Presepsin (soluble cluster-of-differentiation 14 subtype [sCD14-ST]) is a humoral risk stratification marker for systemic inflammatory response syndrome and sepsis. It remains unknown whether presepsin can be used to stratify risk in elective cardiac surgery. The authors therefore determined the usefulness of presepsin for risk stratification in patients having elective cardiac surgery.
Eight hundred fifty-six cardiac surgical patients were prospectively studied. Preoperative plasma concentrations of presepsin, procalcitonin, N-terminal pro–hormone natriuretic peptide, cystatin C, and the additive European System of Cardiac Operative Risk Evaluation 2 were compared to mortality at 30 days (primary outcome), 6 months, and 2 yr. Discrimination was assessed with C statistic. Logistic regression analysis was used to calculate univariable and multivariable odds ratios.
Thirty-day mortality was 3.2%, 6-month mortality was 6.1%, and 2-yr mortality was 10.4% across the population. Median preoperative presepsin concentrations were significantly greater in 30-day nonsurvivors than in survivors: 842 pg/ml (interquartile range, 306 to 1,246) versus 160 pg/ml (interquartile range, 122 to 234); difference, 167 pg/ml (interquartile range, 92 to 301; P < 0.001). The results were similar for 6-month and 2-yr mortality. Compared to the European System of Cardiac Operative Risk Evaluation 2, presepsin concentration provided better discrimination for postoperative mortality at all follow-up periods, including 30 days (C statistic 0.88 vs. 0.74), 6 months (0.87 vs. 0.76), and 2 yr (0.81 vs. 0.74). Presepsin also provided better discrimination than cystatin C, N-terminal pro–hormone natriuretic peptide, or procalcitonin. Elevated presepsin remained an independent risk predictor after adjustment for potential confounding factors.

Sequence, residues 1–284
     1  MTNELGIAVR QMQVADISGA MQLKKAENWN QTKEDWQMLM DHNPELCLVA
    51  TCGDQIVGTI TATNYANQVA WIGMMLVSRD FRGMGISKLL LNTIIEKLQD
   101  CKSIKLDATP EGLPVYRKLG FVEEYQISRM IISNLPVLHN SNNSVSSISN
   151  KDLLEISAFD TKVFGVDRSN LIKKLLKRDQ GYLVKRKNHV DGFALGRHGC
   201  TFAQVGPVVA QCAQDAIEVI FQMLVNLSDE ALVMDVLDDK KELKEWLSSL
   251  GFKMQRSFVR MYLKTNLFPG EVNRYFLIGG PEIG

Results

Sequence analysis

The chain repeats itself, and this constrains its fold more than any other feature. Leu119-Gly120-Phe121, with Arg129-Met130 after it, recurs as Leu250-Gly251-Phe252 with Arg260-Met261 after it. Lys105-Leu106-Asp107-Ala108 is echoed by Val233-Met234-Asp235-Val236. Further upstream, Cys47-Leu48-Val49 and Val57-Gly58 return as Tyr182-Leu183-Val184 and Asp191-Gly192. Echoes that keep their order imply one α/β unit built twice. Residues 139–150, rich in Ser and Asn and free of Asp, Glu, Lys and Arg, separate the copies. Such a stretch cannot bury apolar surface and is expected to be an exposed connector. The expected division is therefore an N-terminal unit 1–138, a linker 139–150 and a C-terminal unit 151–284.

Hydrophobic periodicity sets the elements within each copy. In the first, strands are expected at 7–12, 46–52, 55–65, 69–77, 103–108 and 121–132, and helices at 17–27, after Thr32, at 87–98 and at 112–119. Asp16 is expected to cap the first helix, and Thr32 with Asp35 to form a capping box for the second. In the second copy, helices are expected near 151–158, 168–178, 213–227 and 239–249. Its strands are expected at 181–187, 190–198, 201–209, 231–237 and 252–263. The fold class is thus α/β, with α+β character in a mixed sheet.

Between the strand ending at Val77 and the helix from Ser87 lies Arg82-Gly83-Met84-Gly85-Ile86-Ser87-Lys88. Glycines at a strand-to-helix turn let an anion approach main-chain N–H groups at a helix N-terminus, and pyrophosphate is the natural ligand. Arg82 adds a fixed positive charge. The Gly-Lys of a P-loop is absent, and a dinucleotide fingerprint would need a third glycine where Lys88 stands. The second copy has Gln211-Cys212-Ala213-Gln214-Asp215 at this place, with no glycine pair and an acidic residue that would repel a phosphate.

Elevated preoperative plasma presepsin concentration is an independent predictor of postoperative mortality in elective cardiac surgery patients and is a stronger predictor than several other commonly used assessments.
Presepsin (soluble cluster-of-differentiation 14 subtype [sCD14-ST]) is a humoral risk stratification marker for systemic inflammatory response syndrome and sepsis. It remains unknown whether presepsin can be used to stratify risk in elective cardiac surgery.